The Latest on Southeast Asia: September 2, 2021
Last week, Vice President Kamala Harris visited Singapore and Vietnam. It was the second cabinet-level visit to those two countries in just over a month, following Defense Secretary Lloyd Austin’s trip in late July. However, U.S. coverage of Harris’s trip to Southeast Asia largely focused on events in another part of the world: Afghanistan. Speaking at a joint press conference with Prime Minister Lee Hsien Loong in Singapore, the vice president said she had gone ahead with the trip despite the chaotic evacuation in Kabul as “a reaffirmation of our commitment to our membership in the Indo-Pacific region, our longstanding partnerships with Southeast Asia, and a longstanding relationship with Singapore.” When Prime Minister Lee was asked whether the withdrawal from Afghanistan changed his calculus on U.S. reliability as a security and economic partner, he said, “What will influence perceptions of U.S. resolve and commitment to the region will be what the U.S. does going forward.”
Prime Minister Lee’s focus on the future of U.S. engagement in Asia rather than the withdrawal from Afghanistan was reflected in regional press coverage. Unlike U.S. counterparts, Southeast Asian media reports about the trip largely focused on the U.S. strategic and economic initiatives that came out of the meetings. In a speech at Singapore’s Gardens by the Bay, Harris announced that the United States would offer to host the Asia Pacific Economic Cooperation summit in 2023. She stuck to a positive message about partnerships rather than focusing on China, sticking with the tone seen in Secretary Austin’s earlier trip and the virtual engagements of Secretary Antony Blinken with Southeast Asian counterparts. The lone exception came from her strong condemnation of Chinese coercion in the South China Sea. During her visit, the two sides also established a U.S.-Singapore Climate Partnership, a dialogue on supply chain resiliency, and three agency-level bilateral cybersecurity agreements.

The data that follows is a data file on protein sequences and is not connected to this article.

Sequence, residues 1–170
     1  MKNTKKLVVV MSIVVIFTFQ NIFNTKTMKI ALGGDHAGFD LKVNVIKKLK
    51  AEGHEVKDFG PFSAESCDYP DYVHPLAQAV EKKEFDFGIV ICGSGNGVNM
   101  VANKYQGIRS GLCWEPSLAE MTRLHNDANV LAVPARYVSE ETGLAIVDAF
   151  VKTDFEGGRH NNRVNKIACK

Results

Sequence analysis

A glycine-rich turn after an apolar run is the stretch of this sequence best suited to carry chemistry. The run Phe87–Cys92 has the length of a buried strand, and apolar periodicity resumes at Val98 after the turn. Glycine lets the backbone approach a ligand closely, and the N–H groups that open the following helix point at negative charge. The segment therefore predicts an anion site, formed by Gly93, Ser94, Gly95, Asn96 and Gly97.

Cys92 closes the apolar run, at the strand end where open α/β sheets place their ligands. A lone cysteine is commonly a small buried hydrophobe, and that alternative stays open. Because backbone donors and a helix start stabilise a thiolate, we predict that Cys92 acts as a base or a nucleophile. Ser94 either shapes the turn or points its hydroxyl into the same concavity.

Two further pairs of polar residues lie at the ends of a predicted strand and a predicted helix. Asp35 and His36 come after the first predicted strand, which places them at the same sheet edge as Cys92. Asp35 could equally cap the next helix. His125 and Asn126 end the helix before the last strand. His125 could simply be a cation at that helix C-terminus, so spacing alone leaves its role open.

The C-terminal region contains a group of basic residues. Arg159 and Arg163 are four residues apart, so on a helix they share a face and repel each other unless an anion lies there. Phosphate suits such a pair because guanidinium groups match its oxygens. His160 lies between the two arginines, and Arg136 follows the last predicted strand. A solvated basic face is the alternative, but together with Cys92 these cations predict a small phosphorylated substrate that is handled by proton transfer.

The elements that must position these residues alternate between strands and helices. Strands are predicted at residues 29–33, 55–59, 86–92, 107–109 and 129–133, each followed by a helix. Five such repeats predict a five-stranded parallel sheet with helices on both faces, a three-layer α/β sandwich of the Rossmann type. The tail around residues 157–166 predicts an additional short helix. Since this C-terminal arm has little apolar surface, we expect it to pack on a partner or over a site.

After a three-hour delay due to two suspected cases of “Havana syndrome” affecting U.S. diplomats in Hanoi, the vice president flew on to Vietnam. There Harris met with President Nguyen Xuan Phuc, Vice President Vo Thi Anh Xuan, and Prime Minister Pham Minh Chinh. She expressed the United States’ desire to formally elevate the relationship to a “strategic partnership,” reiterating a message reportedly delivered by Secretary Austin a month earlier. During a press conference, Harris largely reiterated the message about partnerships, and Chinese bad behavior in the South China Sea. She also pressed the government on human rights while reaffirming “respect for each other’s independence, sovereignty, territorial integrity and political regime”—an effort to assure Vietnam’s Communist leaders that the United States does not seek regime change. On the economic front, Vietnam agreed to eliminate or reduce tariffs on imports of U.S. corn, wheat, and pork—a potential step toward narrowing the ballooning bilateral trade deficit.
Overall, Harris’s trip was received positively in the region and built on the momentum that started with Austin’s visits a month earlier. Showing high level commitment to the region is all the more critical given the concerns about U.S. credibility and competence raised in Afghanistan. The administration still has to show it can lead on regional and global challenges, particularly by increasing vaccine deliveries. And it needs to come up with a real economic strategy if it hopes for long-term success. But the vice president’s trip did what it needed to: it bought some goodwill and a little more time for the Biden team to prove it has a workable Indo-Pacific strategy.
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